But it is still far better to have the right to quit than to not! One of the biggest problems with guest worker programs around the world – including our own – is that they often deny workers that right. The most notorious is the Kafala system of labor sponsorship in the GCC states, under which guest workers are tied to their employer, and need that employer’s permission even to leave the country. But debt servitude and other very serious labor abuses have been quite common in past U.S. guestworker programs as well, since those programs often permit workers to remain in the country only as long as an employer sponsors them.

Now, in theory, a worker can find a new sponsor under our programs, as well as under Posner and Weyl’s proposal. But is that realistic? If Sofia requests a transfer because she wants a higher wage, or a union, is another family likely to take her in? Or is the agency likely to brand her a troublemaker, remind her that there are literally hundreds of millions of other workers who would gladly take her place, and encourage her to either stick it out or return home?

What’s worse, the proposal suggests that migrants – who, remember, are escaping situations of desperate poverty in Posner and Weyl’s example – would be permitted to pay hosts for sponsorship. The problem, as numerous scholars have pointed out, is that this again substantially increases workers’ vulnerability. A worker with no resources saves up or borrows money to pay a visa broker, and then must work to pay off that debt. That makes it very, very hard to leave their sponsor/employer even if, as in this envisioned system, workers have the formal right to do so. Less scrupulous visa brokers – who many would call “traffickers” – will specifically recruit from particular ethnic communities or villages, and threaten migrants’ family members if they fail to pay back their debts. In fact, as I read the piece, I don’t see anything stopping host families from selling migration spots to the highest bidder, which would only exacerbate such problems.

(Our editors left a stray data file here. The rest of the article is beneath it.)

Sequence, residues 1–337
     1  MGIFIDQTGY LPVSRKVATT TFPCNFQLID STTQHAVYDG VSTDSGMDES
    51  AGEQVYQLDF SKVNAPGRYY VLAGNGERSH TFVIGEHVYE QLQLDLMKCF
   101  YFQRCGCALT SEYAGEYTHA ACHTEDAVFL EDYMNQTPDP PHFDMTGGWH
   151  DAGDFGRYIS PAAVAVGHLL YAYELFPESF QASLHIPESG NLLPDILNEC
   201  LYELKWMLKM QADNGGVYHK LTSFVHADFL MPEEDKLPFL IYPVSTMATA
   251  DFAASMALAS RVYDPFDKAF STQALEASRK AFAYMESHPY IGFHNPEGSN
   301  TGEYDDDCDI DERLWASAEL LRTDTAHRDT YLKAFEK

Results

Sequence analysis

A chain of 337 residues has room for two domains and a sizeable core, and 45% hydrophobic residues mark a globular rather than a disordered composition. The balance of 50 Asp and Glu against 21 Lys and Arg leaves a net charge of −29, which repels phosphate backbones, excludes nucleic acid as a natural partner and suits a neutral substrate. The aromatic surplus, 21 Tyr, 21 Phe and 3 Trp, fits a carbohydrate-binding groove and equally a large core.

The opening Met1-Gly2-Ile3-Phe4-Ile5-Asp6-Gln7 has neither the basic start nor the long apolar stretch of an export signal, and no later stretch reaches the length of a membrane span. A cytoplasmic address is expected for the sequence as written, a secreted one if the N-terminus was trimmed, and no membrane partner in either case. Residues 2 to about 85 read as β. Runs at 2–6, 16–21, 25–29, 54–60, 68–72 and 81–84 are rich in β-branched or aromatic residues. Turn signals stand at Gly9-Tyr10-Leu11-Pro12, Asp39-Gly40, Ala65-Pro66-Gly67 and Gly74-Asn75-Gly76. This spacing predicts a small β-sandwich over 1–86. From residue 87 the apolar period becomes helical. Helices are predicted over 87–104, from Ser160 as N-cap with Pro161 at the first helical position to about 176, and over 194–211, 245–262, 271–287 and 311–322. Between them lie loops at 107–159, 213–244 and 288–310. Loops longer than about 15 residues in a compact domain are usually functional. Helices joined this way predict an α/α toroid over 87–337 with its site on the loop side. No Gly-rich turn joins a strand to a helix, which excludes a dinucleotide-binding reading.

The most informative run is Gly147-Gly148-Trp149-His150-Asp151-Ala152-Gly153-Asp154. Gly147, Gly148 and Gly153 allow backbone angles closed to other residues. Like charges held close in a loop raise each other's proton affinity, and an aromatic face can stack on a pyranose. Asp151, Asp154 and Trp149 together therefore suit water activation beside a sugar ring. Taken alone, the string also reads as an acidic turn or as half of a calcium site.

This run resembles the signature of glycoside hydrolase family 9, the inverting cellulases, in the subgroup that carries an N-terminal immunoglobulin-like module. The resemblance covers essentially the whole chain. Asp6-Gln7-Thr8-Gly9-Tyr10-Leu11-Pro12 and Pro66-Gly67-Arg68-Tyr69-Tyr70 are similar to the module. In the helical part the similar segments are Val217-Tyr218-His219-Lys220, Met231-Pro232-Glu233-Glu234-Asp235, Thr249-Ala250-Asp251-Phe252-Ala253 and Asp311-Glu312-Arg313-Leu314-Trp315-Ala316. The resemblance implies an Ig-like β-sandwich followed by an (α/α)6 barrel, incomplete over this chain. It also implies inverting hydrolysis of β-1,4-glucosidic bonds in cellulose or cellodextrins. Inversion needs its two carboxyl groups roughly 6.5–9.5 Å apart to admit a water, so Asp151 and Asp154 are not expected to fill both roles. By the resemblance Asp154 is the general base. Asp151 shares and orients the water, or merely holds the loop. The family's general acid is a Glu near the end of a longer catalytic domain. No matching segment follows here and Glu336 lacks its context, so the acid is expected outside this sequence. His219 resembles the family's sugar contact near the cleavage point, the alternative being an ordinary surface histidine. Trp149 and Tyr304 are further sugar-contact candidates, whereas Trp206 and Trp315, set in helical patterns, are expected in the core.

Posner and Weyl suggest that this program is akin to the au pair program, and there are some similarities. They’re correct that the au pair program is essentially a “nanny migrant-labor program used by upper-middle class American families.” But – for reasons that I had thought were obvious – au pair host families have no right whatsoever to rent out their au pairs to others, nor to accept payments of any kind from au pairs. Nor do the sponsors of workers under our other guest-worker programs. And even without that right, those programs have far too often involved very low wages, forced overtime, and even debt servitude.